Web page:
The applicants had had their requests for asylum refused. They complained that if they were removed from the UK, their article 3 rights would be infringed. If they were returned to Pakistan or Vietnam they would be persecuted for their religious faiths. Held: A distinction was to be made between domestic cases involving actions within … Continue reading Regina v Special Adjudicator ex parte Ullah; Regina v Secretary of State for the Home Department: HL 17 Jun 2004
Each defendant challenged the way he had been treated on revocation of his parole licence, saying he should have been given the opportunity to make oral representations. Held: The prisoners’ appeals were allowed. Lord Bingham stated: ‘While an oral hearing is most obviously necessary to achieve a just decision in a case where facts are … Continue reading Regina v Parole Board ex parte Smith, Regina v Parole Board ex parte West (Conjoined Appeals): HL 27 Jan 2005
Return To UK to fight Citizenship Withdrawal The appellant had, as a 15 year old, left to go to Iraq to be the ISIL terrorist group. She married an ISIL fighter and they had three children, the last one dying. Her citizenship of the UK had been withdrawn by the respondent leaving an entitlement to … Continue reading Begum v Special Immigration Appeals Commission and Others: CA 16 Jul 2020
Extension oh Human Rights Beyond Borders The appellants complained that the system set up by the respondent where Home Office officers were placed in Prague airport to pre-vet applicants for asylum from Romania were dsicriminatory in that substantially more gypsies were refused entry than others, and that it was contrary to the obligations of the … Continue reading Regina v Immigration Officer at Prague Airport and another, ex parte European Roma Rights Centre and others: HL 9 Dec 2004
ECHR Judgment (Merits and just satisfaction) Preliminary objection rejected (estoppel); Violation of Art. 3; Violation of Art. 13; Not necessary to examine Art. 6-1; No violation of Art. 25-1; Not necessary to . .
The defendant had published a set of guidelines for intelligence officers called upon to detain and interrogate suspects. The defendant said that the guidelines could only be tested against individual real life cases, and that the court should not . .
The court was asked as to bail proceedings in the context of appeals to the Special Immigration Appeals Commission. . .
Judgment of the court necessitated by a disagreement as to the terms of the order which properly reflects both OPEN and CLOSED decisions handed down on 18 March 2015. Suffice to say that we have no doubt that the declaration which properly reflects . .
The applicant had been detained pending extradition to the United States on charges of fraud. He said the evidence would not have been sufficient to justify his committal for trial.
Held: The Francis case did not establish that the 1984 Act . .
Appeal from refusal of British nationality applications. . .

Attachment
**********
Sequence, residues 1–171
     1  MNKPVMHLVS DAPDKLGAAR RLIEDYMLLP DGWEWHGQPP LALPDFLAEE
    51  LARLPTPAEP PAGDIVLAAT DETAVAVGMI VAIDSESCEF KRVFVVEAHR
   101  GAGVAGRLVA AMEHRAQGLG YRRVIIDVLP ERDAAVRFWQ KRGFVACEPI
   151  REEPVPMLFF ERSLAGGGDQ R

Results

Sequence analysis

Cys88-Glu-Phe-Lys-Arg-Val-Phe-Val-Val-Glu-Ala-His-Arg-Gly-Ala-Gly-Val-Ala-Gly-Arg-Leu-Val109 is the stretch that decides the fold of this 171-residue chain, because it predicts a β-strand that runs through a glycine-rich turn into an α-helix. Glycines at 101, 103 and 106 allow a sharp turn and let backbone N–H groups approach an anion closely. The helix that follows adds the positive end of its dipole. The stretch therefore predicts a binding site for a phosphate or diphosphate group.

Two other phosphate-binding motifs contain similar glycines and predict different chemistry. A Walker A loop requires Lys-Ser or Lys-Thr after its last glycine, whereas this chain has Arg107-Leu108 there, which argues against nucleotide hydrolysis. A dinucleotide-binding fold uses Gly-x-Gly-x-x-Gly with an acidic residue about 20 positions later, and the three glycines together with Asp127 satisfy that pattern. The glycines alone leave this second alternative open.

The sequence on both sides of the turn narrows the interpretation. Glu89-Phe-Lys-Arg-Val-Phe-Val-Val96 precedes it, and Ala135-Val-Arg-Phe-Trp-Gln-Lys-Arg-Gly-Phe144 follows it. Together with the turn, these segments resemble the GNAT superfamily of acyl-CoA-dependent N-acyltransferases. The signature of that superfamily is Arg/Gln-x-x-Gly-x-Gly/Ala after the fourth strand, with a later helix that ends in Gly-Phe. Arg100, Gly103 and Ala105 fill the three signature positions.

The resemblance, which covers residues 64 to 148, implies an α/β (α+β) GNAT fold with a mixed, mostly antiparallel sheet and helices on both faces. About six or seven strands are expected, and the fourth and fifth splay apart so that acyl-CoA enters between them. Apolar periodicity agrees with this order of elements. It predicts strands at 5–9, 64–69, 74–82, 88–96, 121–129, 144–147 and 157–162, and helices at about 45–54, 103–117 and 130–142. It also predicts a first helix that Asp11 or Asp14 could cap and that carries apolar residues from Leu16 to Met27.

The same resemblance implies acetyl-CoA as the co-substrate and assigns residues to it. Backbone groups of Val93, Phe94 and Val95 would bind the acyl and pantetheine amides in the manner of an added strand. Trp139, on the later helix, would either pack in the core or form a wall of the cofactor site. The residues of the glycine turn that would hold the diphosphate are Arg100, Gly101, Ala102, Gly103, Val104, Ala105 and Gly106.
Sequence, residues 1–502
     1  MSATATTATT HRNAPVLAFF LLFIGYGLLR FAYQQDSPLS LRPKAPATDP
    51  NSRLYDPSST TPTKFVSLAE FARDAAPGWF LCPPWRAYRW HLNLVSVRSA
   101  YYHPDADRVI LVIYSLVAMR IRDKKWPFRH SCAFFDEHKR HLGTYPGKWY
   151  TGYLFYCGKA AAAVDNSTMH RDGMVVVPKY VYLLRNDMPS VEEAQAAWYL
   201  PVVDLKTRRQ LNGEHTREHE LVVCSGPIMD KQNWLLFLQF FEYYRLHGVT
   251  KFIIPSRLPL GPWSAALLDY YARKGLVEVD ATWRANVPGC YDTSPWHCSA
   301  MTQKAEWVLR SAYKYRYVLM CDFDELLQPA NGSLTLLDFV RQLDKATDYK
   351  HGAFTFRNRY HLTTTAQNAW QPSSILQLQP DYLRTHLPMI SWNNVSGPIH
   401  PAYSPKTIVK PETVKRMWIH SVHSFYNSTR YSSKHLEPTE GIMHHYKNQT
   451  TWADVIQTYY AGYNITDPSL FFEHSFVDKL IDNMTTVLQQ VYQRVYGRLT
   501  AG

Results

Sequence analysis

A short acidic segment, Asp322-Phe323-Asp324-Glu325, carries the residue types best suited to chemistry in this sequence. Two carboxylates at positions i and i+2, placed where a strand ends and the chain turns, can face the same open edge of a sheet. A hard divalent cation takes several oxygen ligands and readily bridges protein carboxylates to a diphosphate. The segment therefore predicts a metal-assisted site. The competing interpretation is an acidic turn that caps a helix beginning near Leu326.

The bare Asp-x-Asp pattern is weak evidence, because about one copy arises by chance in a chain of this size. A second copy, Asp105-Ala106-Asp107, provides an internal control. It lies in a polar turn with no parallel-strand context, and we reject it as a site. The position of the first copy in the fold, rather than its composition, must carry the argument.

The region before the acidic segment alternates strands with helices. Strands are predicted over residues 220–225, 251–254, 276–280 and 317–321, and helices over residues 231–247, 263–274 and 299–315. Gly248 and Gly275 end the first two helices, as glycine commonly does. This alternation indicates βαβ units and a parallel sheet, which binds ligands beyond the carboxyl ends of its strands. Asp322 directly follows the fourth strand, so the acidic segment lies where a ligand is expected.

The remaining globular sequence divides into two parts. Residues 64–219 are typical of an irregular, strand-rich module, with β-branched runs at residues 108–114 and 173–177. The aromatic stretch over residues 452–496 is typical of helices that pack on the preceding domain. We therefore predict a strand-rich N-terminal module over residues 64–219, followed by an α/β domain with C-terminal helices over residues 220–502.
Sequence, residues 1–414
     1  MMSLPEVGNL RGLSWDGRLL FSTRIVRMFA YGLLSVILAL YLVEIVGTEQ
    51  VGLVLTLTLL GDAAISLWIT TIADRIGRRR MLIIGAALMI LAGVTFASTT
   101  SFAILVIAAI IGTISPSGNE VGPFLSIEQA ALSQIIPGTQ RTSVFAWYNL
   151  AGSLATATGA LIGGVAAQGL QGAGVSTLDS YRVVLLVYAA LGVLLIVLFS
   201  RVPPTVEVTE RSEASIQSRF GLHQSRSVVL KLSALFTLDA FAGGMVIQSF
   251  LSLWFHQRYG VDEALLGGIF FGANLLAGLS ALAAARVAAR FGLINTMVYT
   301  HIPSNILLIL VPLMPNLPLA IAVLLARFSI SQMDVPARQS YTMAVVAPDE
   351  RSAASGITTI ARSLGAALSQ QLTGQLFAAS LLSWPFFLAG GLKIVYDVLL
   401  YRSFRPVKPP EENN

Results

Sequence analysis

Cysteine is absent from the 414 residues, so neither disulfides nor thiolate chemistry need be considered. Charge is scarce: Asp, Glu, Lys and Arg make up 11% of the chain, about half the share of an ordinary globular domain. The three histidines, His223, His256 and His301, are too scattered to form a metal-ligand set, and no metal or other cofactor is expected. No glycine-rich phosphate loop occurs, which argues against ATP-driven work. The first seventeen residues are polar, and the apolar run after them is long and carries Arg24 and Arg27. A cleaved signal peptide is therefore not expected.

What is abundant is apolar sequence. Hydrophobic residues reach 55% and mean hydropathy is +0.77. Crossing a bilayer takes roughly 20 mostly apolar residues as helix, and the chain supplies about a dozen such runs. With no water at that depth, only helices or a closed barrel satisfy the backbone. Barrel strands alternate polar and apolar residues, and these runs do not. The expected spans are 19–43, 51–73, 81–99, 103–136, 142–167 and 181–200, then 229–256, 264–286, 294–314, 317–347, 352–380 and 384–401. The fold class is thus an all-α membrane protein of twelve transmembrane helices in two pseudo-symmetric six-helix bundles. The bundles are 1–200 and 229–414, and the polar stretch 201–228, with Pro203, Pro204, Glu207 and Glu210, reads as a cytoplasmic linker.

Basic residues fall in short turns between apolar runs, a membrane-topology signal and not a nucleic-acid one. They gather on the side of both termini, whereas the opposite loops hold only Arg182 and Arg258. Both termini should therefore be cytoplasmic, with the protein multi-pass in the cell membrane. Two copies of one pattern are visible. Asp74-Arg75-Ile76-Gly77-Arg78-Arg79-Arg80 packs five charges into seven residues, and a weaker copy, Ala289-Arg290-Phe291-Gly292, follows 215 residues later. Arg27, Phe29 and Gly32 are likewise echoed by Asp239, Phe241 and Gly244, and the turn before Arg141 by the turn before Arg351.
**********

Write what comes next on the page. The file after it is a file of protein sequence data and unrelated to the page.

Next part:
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The three applicants required decisions as to how to proceed in the light of s6 of the Justice and Security Act 2013, which permits Closed Material Procedures, to be ordered in civil claims including judicial review, and s15 of the Act, which amended the Special Immigration Appeals Commission Act 1997, introducing into it s2C and … Continue reading Ignaoua, Regina (on The Application of) v The Secretary of State for The Home Department: Admn 8 May 2014
Appeal by the Secretary of State from a decision of the Special Immigration Appeals Commission which allowed P3’s appeal pursuant to section 2(1)(a) of the Special Immigration Appeals Commission Act 1997 against the Secretary of State’s decision to refuse his application for entry clearance (‘Decision 2’). Lady Justice Elisabeth Laing DBE  EWCA Civ 1642 … Continue reading Secretary of State for The Home Department v P3: CA 8 Nov 2021
‘This claim concerns a certificate issued by the Secretary of State for the Home Department (‘the Secretary of State’) on 16 July 2013 under a power conferred by the Justice and Security Act 2013. The Secretary of State contends that the certificate has the effect of terminating the judicial review the claimant has had ongoing … Continue reading Ignaoua, Regina (on The Application of) v Secretary of State for The Home Department: Admn 9 Aug 2013
The applicant, a Pakistani national had entered the UK to act as a Muslim priest. The Home Secretary was satisfied that he was associated with a Muslim terrorist organisation, and refused indefinite leave to remain. The Home Secretary provided both open and closed statements to the tribunal. The open statement accepted that the organisation was … Continue reading Secretary of State for the Home Department v Rehman: HL 11 Oct 2001
Each of the three appellants, suspected of terrorist activity, objected to their proposed return to Algeria on deportation, saying that it was accepted that torture was routinely used against people in their position, and without redress. Re-assurances had been given by the Algerian government, but they would not allow any independent scrutiny. A witness came … Continue reading W (Algeria) and Another v Secretary of State for The Home Department: SC 7 Mar 2012
The court was asked whether the supervisory jurisdiction of the High Court, exercisable by way of judicial review, extends to such decisions of the Special Immigration Appeals Commission (SIAC) and the Upper Tribunal (UT) as are not amenable to any . .
The appellant was detained under immigration rules. He refused to provide details of his nationality and now complained of his continuing detention in the light of a finding that he was unlikely to be returnable to Algeria, that being what was . .